North State LLWS

Solid Gold: Greenville Celebrates Summer of Champions

Greenville traded in its signature green to paint Elm Street Park gold on Wednesday in a celebration of a summer of champions punctuated by the North State all-stars’ appearance in the Little League Baseball World Series.

More than 1,500 people packed the Stallings Stadium seats and outfield bleachers and lined the brick walls to pay tribute to an unprecedented regional championships in three age groups. N.C. Gov. Roy Cooper and Greenville Mayor Kandie Smith each read proclamations designating Aug. 30 as a celebration of Little League in Greenville and presented them to North State manager Brian Fields.

“I want to say on behalf of the entire state of North Carolina, ‘You made us proud, you made us proud,’” Cooper said.

Joining Cooper and Smith were N.C. House Rep. Greg Murphy; N.C. Sen. Don Davis; Greenville City Council members Shawan Barr, Rick Smiley, P.J. Connelly and Calvin Mercer; and Pitt County Commissioners Melvin McLawhorn, Ann Huggins, Tom Coulson and Glen Webb.

Greenville Tar Heel all-star teams in ages 8-10 and 9-11 divisions, dressed in their green and white uniforms, paraded on the field first. Each team won district  and state titles before giving Greenville its first Tournament of State Champions titles at Elm Street Park.

North State’s all-stars, honored at the General Assembly in Raleigh earlier in the day, arrived with a police escort at 6:47 p.m., wearing their Southeast champion gold and black uniforms, then navigated their way through the crowd and a standing ovation.

After player and coach introductions, Smith grabbed a gold towel and waved it as she revved up the crowd.

“They had me dancing, rapping, singing, running,” she recalled of watching North State’s journey to Williamsport, Pa. “It’s been awesome just to get to know them personally. They are awesome young men.”

Smith read her proclamation, saying the accomplishments of all three teams build on Greenville’s distinction of Sportstown USA and a hotbed for baseball.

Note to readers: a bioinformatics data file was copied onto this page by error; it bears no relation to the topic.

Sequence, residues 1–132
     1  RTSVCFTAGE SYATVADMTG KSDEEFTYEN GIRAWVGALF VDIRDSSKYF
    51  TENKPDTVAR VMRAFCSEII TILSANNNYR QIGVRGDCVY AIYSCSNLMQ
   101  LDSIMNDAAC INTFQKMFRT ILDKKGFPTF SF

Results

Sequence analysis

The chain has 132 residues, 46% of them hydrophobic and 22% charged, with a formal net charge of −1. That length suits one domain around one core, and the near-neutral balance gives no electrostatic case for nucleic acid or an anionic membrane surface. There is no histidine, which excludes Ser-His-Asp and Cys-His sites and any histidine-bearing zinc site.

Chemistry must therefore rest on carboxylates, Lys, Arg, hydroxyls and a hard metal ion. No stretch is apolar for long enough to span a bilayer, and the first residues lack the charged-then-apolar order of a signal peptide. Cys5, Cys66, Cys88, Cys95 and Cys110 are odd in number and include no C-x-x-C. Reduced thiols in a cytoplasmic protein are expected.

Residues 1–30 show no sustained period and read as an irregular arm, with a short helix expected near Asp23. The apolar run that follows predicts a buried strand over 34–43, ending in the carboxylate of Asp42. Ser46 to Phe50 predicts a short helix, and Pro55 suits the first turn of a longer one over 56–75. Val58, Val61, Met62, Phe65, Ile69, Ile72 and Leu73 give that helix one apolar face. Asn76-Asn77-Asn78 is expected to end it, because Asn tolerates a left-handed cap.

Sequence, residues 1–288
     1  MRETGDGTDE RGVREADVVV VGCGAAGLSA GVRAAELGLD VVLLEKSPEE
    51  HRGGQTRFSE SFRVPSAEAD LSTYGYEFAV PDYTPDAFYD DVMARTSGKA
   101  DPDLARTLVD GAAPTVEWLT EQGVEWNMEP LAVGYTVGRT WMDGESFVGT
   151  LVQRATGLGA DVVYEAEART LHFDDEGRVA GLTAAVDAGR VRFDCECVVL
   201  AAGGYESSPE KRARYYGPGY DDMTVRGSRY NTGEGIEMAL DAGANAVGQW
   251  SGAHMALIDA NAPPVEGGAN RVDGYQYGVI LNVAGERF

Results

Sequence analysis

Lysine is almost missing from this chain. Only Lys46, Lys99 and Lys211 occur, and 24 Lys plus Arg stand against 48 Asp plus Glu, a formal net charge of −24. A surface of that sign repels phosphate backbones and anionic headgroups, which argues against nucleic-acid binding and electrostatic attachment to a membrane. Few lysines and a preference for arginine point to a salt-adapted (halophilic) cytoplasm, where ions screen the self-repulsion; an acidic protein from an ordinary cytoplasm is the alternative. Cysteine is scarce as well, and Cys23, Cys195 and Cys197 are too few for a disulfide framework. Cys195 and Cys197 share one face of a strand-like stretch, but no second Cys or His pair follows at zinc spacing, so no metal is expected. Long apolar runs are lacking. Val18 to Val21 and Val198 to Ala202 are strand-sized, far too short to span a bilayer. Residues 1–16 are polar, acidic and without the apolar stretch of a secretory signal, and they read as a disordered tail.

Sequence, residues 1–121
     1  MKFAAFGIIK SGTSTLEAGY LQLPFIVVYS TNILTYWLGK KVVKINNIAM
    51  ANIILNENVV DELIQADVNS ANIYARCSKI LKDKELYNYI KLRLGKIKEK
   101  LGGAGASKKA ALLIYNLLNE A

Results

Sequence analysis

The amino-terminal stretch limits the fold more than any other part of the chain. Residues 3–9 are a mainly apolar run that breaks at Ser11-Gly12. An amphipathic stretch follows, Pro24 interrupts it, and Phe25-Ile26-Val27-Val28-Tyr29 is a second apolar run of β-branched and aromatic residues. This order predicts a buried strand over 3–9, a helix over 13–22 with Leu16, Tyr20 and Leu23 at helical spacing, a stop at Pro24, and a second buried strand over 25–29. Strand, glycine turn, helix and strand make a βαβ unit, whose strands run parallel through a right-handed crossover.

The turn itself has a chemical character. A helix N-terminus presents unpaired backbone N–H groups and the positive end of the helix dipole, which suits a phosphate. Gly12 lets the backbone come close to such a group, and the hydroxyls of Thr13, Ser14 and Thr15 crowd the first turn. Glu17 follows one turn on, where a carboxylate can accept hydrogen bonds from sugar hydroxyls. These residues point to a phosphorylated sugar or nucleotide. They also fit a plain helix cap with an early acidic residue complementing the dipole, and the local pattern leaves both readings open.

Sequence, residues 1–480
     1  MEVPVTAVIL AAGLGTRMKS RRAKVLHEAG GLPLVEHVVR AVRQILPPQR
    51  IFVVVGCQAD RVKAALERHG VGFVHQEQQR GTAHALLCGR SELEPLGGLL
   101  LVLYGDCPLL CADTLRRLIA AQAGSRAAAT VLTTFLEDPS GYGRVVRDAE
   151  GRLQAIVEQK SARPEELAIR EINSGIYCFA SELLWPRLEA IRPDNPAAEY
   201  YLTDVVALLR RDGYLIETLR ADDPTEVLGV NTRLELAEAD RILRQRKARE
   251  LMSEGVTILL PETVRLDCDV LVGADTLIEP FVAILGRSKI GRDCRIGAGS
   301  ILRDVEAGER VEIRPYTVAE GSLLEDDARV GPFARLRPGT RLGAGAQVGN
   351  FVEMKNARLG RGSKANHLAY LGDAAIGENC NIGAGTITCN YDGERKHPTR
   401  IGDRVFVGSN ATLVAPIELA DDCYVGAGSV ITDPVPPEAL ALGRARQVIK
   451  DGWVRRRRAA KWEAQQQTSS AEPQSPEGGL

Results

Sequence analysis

“We’ve made history, but we’ve not stopped yet,” Smith said. “Look for these young men in the future. You better get their autographs today.”

Hundreds of people lined up for autographs after the ceremony. Cooper intended to leave with a few.

“I came so I could get these guys’ autographs,” he said.

Cooper said he also wanted to be a part of the ceremony to honor four things: the Greenville community; the families, parents and volunteers; the coaches; and the players. He marveled at how North State performed on Little League’s biggest stage, becoming the first team in the 71-year history of the LLWS to throw a combined perfect game and the first U.S. team to record consecutive no-hitters.

North State followed that up with a one-hitter in a 2-1 win over Texas but fell 6-5 in a rematch with the Southwest champions in the U.S. championship.

Greenville Tar Heel in 1998 and Greenville North State this year are the only North Carolina teams to ever reach the U.S. championship game.

“How many of us could do, even what we’ve done a thousand times, with such poise, with such skill, with such grace, with the ability, with poise to not only do your job well but to excel?” Cooper asked. “I was constantly amazed.”

East Carolina University baseball coach Cliff Godwin, who spoke to North State’s team before it left for the regionals in Warner Robins, Ga., then flew to Williamsport to attend last Wednesday’s game against Texas, told the players they will “be remembered forever for winning championships.”

“I tell our players all the time, ‘If you want to be remembered, be on a championship team.’ … Greenville, North Carolina, will always remember you guys because you have won championships.”

Fields challenged the younger age groups to dream big.

“Keep believing in your dreams, make it happen,” he said. “Believe in yourself. You never know when you will get your opportunity.”

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